Knitting Vintage Socks by Nancy Bush, pub. Interweave Press, 2005
This is an extremely useful book, one which is often seen at my knitting table even though I have never knit an entire sock from its pages. Several years ago I was in a position to buy either this book or Nancy's delightful Folk Socks. I counted up the number of heels and toes detailed in each volume, and since this book had slightly more to offer, this is the one I bought.
I wasn't sorry (although there is an updated edition of Folk Socks which is calling to me . . . )
The 24 designs in this book seem knittable, wearable, and accurate. They are all taken from the Weldon's Practical Needlework series and given in the chronological order of the patterns which inspired them. In some cases, only the yarn and stitch gauge was changed (I know I love my size 0000 dpns, but some people find their hands cramp up after using them---wonder why). Other times, more serious interpretation was called for, discerning the meaning of different phraseologies, resolving errors, and modernizing fit. We are lucky to have Nancy to glean these wonderful patterns from this series for us and give the missing gauge and yardage information.
She starts her book by giving a brief history of Weldon's, then continues by outlining her strategy for updating the techniques described in its pages. This second chapter is liberally sprinkled with quotes taken directly from Weldon's, some interesting and useful, and others most amusing.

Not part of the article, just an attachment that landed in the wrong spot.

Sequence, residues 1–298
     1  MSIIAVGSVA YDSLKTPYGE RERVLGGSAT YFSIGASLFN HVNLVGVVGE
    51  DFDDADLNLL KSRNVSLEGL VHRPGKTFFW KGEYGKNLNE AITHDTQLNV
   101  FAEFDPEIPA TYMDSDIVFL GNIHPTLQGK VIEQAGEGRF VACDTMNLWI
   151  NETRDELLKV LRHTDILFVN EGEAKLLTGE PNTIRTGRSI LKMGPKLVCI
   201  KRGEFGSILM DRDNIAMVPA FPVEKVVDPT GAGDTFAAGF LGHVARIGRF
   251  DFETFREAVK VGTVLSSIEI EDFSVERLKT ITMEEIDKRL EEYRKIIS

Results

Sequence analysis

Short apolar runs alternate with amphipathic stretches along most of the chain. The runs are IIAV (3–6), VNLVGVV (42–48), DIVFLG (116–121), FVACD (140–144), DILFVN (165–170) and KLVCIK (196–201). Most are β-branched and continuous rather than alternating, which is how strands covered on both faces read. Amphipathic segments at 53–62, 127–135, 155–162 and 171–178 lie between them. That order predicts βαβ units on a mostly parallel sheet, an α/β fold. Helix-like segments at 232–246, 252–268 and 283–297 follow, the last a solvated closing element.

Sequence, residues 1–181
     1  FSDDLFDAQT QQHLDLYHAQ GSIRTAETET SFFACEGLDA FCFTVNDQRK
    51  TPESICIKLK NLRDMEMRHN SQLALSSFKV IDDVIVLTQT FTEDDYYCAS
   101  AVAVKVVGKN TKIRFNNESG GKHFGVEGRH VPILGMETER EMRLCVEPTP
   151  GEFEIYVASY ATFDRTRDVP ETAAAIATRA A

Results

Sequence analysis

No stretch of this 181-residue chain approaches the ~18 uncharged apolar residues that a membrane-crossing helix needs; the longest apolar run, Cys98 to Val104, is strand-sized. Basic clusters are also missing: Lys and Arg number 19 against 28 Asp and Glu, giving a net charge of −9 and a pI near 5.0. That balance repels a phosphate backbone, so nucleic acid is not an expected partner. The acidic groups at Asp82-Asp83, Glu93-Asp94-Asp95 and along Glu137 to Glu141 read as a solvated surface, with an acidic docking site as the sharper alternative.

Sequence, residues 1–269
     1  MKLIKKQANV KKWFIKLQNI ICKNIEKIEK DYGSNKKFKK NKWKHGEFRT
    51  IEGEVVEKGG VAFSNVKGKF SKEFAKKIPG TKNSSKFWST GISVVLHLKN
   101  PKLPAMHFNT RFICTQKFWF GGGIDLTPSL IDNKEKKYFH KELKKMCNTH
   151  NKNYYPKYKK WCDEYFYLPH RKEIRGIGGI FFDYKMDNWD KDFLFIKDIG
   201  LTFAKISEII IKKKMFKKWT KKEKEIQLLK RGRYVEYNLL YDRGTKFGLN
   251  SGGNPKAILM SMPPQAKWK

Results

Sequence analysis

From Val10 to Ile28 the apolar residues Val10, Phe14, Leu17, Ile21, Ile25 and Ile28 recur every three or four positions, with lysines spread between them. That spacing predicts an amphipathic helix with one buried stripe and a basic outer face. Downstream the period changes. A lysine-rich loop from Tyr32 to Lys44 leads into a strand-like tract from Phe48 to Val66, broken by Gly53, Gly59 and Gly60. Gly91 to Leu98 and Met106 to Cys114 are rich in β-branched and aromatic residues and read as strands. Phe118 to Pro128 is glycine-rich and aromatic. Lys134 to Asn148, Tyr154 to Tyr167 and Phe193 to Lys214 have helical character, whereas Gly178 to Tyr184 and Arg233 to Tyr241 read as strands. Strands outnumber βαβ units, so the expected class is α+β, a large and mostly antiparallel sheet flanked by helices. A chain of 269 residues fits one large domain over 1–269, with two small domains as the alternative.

This section also contains instructions for four different heels and six different toes, many of which I have used in my own designs. Each instruction is prefaced with a comment from Nancy concerning the number of stitches it is to be worked on (half the total ankle stitches plus one seam stitch, a number divisible by 4, 60 stitches arranged on three needles, etc.), the shape of the sock part ("strong, but not perfectly smooth," "a serpentine pattern that spirals around the tip of the foot," etc.), and sometimes even the foot type most suited to it. Happily, the book is spiral bound, which makes it that much easier to use as a reference.
While each pattern is written in a single size, the book contains patterns for socks from infants' shoe size 3-4 to men's shoe size 11-12. The patterns are clearly displayed in two columns per page, with enough yarn details to make substitution straightforward, if desired. Stitch patterns are printed alongside the pattern in colored boxes for easy reference, and charts are clearly labeled with keys. Charming sepia-toned photos and sketches as well as full-color photos of the unmodeled socks are sprinkled throughout.
There is not only an abbreviation list and illustrated glossary, but an index as well---invaluable in this type of information-rich book. Plus, a timeline runs along the bottom of the pages, with a triangle indicating the point in time when the featured design was published.
This is a marvelous book, with practical patterns for any knitter, plenty of interesting text for someone intrigued by vintage needlework, and heaps of inspiration for the designer.
Disclosure: Kangath reviewed her personal copy of Knitting Vintage Socks. Kangath was not compensated for the preceding review. All opinions expressed in the review are the blog author's and are not necessarily the opinions of Interweave Press or Nancy Bush.
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